Fast ≠ Right

The real issue is “confident decisions.”  To build real confidence, you have to start by fixing the data problems that can undermine your analytics – ensure you have all the data you need and that the data and analytics are trusted. makedecisions_0You also need the full spectrum of analytics which address all questions bringing context to your analysis.

  • Descriptive (What happened?) ,
  • Diagnostic (Why did it happen?)
  • Predictive (What is likely to happen?) 
  • Prescriptive (What should I be doing?)

That way you’ll cut through the uncertainty of the what, while getting deeper insights into the why to understand what you should actually be doing!

Just like the Formula 1 race car driver – business leaders need speed but they need to take the right actions and have confidence in their decisions.  For business leaders, they may not drive their car into the wall but making the wrong decisions quickly can lead to lost revenue, lost customers and in some cases industry fines.

You can learn more by joining us in person on November 16th at the Manhattan Classic Car Club. Learn more and register here:  ibm.co/2i6NLEA

 

 

Can your CMO justify his seat at the board room table? Or is he still scrambling to justify marketing’s spend?

Too many marketing organizations rely on the fuzziness of marketing results without being able to confidently stand up and say:  “Look, this is what we spent and here is the revenue we got in return!”  According to the 2012 IBM CMO study, 63% of CMOs believe ROI will be the most important measure of success over the next 3 to 5 years.

In today’s economic climate, marketing leaders need to be able to confidently report on their results to justify their seat at the table.  We have all heard that analytics are key to improving performance but what does this really mean for marketing organizations?

As a former Director of Marketing Operations, I was challenged to help my CMO answer some difficult and challenging questions.  When asked to answer critical questions around ROI, I would struggle to find answers.  In the early days in my role, I would reply..let me go get that information for you.  I would inevitably return with a spreadsheet that none of the leadership team would believe.  Now imagine hundreds of spreadsheets floating around with different sets of results.  This led to many interesting and heated conversations….about the veracity of the data versus discussions about business performance.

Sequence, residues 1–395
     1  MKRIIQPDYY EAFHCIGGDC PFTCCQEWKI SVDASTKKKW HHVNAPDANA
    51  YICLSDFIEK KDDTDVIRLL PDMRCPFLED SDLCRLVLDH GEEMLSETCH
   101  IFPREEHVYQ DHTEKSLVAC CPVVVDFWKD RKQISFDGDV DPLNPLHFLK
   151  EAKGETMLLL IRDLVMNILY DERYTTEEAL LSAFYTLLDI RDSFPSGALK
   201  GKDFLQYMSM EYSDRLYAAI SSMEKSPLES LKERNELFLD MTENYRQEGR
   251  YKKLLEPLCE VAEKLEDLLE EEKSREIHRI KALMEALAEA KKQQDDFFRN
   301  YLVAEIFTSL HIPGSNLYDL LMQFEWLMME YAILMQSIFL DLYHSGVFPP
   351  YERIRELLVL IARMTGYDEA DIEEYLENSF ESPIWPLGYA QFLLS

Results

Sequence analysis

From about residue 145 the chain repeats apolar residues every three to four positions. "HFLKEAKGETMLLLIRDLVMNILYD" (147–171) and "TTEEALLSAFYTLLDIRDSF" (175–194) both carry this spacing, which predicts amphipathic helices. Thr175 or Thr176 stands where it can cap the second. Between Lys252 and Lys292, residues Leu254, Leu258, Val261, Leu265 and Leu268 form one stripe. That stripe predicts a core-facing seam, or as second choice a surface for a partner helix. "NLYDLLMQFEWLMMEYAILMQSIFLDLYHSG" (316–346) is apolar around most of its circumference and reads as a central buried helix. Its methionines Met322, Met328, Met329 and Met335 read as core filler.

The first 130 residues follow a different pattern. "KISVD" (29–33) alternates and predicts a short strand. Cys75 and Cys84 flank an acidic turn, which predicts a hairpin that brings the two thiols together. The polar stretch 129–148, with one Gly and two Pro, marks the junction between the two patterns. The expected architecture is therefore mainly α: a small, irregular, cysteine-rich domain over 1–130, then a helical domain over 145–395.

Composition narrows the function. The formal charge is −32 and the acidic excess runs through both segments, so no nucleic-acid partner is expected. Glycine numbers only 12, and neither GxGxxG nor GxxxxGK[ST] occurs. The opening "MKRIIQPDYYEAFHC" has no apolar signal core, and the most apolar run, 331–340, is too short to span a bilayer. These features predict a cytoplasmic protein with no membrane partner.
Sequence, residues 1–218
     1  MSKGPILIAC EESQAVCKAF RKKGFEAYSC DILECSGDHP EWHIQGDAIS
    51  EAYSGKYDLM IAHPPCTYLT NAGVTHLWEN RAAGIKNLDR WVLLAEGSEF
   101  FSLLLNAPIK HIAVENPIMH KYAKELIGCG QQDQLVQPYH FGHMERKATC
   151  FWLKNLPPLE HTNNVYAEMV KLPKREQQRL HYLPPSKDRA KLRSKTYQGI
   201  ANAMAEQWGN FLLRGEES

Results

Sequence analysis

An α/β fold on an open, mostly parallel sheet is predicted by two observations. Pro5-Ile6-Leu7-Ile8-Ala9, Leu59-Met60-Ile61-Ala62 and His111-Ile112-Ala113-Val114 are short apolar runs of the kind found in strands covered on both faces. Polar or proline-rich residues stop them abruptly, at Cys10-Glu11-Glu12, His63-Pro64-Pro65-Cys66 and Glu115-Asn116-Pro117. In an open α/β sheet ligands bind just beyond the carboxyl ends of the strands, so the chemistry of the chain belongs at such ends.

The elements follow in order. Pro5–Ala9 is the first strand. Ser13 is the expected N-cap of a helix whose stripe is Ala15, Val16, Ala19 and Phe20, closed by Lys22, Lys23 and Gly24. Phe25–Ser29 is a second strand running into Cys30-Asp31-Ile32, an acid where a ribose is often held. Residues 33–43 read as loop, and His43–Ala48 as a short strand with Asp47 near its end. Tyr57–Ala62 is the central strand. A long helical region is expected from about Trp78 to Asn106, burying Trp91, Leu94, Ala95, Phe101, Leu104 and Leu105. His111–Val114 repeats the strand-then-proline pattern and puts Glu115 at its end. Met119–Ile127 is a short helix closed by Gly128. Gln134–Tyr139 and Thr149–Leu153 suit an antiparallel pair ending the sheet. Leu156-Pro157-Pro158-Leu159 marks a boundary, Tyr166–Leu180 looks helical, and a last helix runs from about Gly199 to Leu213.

I soon discovered the magic of Business Intelligence which enabled me to confidently answer leadership’s questions.  CWTo address the challenge of multiple versions of the truth we embarked on a journey which would change the marketing performance conversation forever.

Our journey began by defining the standard metrics and KPIs which would form the common language across marketing and sales.  This was by far the most arduous and difficult part of the initiative.  I would submit that it was the most important step in the entire process.

A "dashboard" is like a speedometer ...
A “dashboard” is like a speedometer that marketing professionals use to report marketing performance.

Once we had gained agreement it took about three months to provide a worldwide marketing scorecard to track performance against KPIs, 5 roles based dashboards to the leadership team, standard demand generation reports for 120+ demand generation specialists with the ability to do ad-hoc analysis to understand why certain marketing activities performed well while others did not.

So what changed?  The conversation about performance completely changed…for the better.  The marketing and sales teams defined a common language about how to measure the business.  With agreed upon KPIs, Metrics and a single, trusted version of the truth, the marketing organization focused on what matters – the marketing activities are performing and which are not.  In the end, by using the data in front of us and acting on it, the marketing organization improved open and click through rates, pipeline creation and conversion to revenue.

If you would like more information about this journey please contact me via Twitter @BrendanRGrady